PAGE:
Rain Rot or Rain Scald
I have seen many cases of Rain scald in horses in Texas – particularly this year (2015) due to the horrendous and constant rain brought about by El Nino in the Pacific. We have been subjected to many more than 40 days and 40 nights of rain this Spring. The paddocks stay wet and muddy. Many times the horses don’t even use the run-in shelters. They don’t seem to mind the rain from above, since it is warm and not uncomfortable. However, they continue to lie in the wet mud and roll in the mud. Additionally the fly population has been bad this year as opposed to other drought years.
I always believed that it was caused by a fungal infection. However, according to Wikipedia, Rain scald is caused by Dermatophilus congolensis, a gram-positive bacteria that is thought to originate from the soil. It commonly causes problems in moist, tropical areas, but can also be found in wet northern environments.
Moisture and high temperatures facilitate the dispersal and penetration of zoospores into the skin, contributing to the spread of the disease. Ticks, biting flies, and contact with other infected animals also causes the spread of rain scald. Once in the skin, the bacteria cause inflammation of the skin as well as the typical symptoms associated with rain scald.
Rainscald normally heals on its own, however as the condition can spread to involve large areas, prompt treatment is recommended. Although some cases can be severe, most rain scald is minor and can be easily and cheaply treated at home naturally. (The pony above contracted a severe secondary infection as well as suffered from an allergy to midge flies that compounded the problems for her)
First groom the affected parts carefully, to remove any loose hair. Be extremely gentle. The area can be very sore (especially in severe cases) and horses will very quickly get fidgety. Next shampoo the area, use warm water and a soft cloth or brush, and massage the lather through the coat as much as the horse will tolerate.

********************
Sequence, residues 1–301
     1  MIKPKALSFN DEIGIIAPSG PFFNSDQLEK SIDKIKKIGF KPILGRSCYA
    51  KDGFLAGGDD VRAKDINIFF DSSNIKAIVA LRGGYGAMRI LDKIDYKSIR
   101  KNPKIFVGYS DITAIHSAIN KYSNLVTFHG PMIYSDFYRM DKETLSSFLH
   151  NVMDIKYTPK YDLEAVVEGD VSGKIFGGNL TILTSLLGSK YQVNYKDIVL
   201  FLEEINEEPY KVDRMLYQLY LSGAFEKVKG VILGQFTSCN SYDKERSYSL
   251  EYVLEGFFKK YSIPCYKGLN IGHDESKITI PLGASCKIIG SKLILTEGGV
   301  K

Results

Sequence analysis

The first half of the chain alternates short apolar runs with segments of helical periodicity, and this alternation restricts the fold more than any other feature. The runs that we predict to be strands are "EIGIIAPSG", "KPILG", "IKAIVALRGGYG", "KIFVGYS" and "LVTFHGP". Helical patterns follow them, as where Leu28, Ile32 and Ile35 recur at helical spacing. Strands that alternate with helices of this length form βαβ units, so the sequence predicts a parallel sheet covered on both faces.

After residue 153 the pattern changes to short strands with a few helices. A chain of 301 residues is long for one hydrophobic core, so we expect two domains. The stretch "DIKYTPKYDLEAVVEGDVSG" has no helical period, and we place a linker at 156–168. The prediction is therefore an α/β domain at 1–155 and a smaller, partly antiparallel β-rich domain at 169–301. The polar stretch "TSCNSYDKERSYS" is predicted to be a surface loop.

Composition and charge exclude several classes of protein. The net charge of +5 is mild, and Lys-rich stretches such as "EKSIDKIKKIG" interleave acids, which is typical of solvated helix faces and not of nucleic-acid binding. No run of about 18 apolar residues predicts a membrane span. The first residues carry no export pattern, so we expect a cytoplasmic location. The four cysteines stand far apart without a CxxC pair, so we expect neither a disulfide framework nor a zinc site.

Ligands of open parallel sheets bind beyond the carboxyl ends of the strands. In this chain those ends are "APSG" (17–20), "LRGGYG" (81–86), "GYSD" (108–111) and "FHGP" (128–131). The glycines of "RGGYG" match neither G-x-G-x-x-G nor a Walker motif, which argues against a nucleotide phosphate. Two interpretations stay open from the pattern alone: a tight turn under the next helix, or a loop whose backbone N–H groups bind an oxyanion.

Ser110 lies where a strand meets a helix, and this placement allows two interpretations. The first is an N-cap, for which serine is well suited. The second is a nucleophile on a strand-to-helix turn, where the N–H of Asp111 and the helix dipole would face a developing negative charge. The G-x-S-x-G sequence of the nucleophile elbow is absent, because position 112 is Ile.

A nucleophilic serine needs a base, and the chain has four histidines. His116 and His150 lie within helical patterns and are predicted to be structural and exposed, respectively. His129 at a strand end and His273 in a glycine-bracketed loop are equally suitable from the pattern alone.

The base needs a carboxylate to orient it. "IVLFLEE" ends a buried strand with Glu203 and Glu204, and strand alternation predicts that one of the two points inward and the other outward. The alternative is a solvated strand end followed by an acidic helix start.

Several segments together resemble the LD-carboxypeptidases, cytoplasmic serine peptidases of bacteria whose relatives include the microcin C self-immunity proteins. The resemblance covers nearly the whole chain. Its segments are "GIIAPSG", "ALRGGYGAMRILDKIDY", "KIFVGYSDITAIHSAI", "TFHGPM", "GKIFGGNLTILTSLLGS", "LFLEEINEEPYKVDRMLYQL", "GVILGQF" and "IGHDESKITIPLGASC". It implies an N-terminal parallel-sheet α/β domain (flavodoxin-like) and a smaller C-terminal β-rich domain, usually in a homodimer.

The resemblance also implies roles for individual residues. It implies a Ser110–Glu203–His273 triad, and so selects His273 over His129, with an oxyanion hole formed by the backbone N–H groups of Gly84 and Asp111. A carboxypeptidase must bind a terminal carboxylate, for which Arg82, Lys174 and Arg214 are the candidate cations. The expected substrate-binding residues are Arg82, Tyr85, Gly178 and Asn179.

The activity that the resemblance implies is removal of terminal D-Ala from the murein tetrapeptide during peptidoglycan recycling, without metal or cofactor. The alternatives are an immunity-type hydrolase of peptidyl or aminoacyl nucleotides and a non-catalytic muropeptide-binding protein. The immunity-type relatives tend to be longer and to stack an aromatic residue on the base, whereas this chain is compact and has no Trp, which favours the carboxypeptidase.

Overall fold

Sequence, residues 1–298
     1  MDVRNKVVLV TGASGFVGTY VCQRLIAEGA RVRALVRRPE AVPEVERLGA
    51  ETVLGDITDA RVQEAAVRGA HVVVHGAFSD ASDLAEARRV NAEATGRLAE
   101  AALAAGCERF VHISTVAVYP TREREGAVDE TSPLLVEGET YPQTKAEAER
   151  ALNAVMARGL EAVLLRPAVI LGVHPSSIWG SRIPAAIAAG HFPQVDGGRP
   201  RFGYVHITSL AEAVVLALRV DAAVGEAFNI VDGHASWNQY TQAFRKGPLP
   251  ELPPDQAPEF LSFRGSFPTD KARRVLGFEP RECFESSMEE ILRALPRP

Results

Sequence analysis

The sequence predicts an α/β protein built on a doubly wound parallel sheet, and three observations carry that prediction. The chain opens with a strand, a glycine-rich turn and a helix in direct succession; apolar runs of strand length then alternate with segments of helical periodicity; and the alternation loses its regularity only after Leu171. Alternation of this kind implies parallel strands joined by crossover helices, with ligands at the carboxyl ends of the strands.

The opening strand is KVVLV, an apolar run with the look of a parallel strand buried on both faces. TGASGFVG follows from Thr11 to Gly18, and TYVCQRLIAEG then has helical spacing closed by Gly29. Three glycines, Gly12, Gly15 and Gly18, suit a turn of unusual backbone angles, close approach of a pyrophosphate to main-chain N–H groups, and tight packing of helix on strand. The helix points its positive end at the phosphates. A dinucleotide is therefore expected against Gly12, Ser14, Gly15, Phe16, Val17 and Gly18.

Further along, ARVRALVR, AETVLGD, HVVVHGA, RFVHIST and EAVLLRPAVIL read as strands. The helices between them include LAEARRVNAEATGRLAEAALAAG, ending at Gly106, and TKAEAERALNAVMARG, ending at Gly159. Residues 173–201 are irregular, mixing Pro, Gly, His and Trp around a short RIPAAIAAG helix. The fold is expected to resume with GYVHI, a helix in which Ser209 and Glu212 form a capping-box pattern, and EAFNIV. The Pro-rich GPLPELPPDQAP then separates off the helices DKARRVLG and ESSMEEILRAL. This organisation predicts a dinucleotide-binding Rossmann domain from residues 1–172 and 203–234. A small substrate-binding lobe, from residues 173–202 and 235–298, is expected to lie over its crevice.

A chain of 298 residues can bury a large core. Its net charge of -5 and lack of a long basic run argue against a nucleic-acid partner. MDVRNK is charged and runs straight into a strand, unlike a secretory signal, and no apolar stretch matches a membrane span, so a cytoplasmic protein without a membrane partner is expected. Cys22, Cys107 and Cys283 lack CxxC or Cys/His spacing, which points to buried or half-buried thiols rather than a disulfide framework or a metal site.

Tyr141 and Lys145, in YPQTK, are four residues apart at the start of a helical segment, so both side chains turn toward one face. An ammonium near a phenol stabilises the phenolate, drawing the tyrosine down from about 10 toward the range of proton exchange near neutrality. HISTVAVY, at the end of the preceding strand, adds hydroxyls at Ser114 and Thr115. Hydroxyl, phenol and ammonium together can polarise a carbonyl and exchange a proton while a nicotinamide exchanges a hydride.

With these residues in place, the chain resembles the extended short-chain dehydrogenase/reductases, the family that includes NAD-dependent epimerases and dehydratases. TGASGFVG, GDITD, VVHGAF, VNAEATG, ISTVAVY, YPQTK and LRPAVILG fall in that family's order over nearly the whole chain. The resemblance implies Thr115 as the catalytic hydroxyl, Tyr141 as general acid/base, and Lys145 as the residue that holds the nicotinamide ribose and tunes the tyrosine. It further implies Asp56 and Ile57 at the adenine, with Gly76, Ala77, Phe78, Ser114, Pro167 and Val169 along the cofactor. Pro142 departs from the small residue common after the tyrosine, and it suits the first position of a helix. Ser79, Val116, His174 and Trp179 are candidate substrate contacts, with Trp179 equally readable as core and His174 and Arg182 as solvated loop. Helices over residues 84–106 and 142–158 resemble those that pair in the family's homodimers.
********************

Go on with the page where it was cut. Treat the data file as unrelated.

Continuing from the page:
Some of the of the best ingredients for soothing damaged hair coat and skin are Neem Oil, Tea Tree Oil and Aloe. Neem and Tea Tree have long been believed to have antiviral, antibacterial, antifungal, and antiseptic qualities. Aloe soothes and heals and is generally great for allergy-prone horses. We found a great body wash containing organically grown Aloe Vera and Tea Tree Oil. There is also an Aloe and Tea Tree conditioner that can be applied after the bath to continue to treat while the horse is dry.
Remove as much water as possible and dry the horse off (either use a hair drier or let him/her stand in the sun until completely dry). It is important not to let the horse roll! The rain scald bacteria may be picked up from the soil. (This may be the hardest part if your horse is a habitual roller – white horses seem to be the worst – and you don’t have an enclosed stall area during his treatment schedule.)
When the horse is completely dry, gently brush off any more loose hair.
The absolute best treatment we have ever used is called Banixx.
“Banixx® is a wound, skin and hoof care product that is odor-free, non-staining, and sting-free. It is non-toxic, steroid-free, antibiotic-free, and does not contain alcohol or tea tree oils, yet works wonders in any situation where bacteria or fungus are involved.”
The pony in question was treated with an injection of penicillin, a round of treatment with LDN to reduce inflamation, and Banixx every day (sometimes twice a day) for a month. She is now growing her hair back, which we feared would never happen) and seems to be nearly recovered.
Once all the scabs are gone and there is new hair fuzz growing in all over, use the shampoo again to clean the area of greasy residue, and dry well. Keep the horse covered for some time after rain scald has been treated, particularly in wet weather. Do not allow the skin to remain damp. It is advisable to shampoo the horse after riding or exercising, to remove sweat, which may encourage rain scald conditions, and make sure the coat is completely dry afterwards.
This treatment works in many ways. First, shampooing cleans the area of any contaminants, removes a lot of loose hair and scabs, and the rubbing stimulates the circulation. The Tea Tree Oil or Neem is an antifungal agent, and works to eliminate the bacteria that cause the infection. It soothes the irritation in the area, and its greasiness provides the ideal environment for the raw skin to heal and grow new hair. It also helps to soften and lift the scabs. The new hair cannot grow in until those scabs are removed from the surface, but they are very painful to pick and remove, and most horses are intolerant of this procedure. After the neem has soaked into these scabs they will come away much more freely, and soon new hair will grow through.
In severe or chronic cases, penicillin and streptomycin are injected into the horse to kill the bacteria systemically.
Typically the disease is not life-threatening, nor does it impact the welfare of the horse (unless it becomes severe such as in the case of the pony above), so treatments are more for the owner’s peace of mind and cosmetic appeal of the animal.
Please note that this advice is neither veterinary nor prescriptive in nature but offered only as an introduction to this topic.
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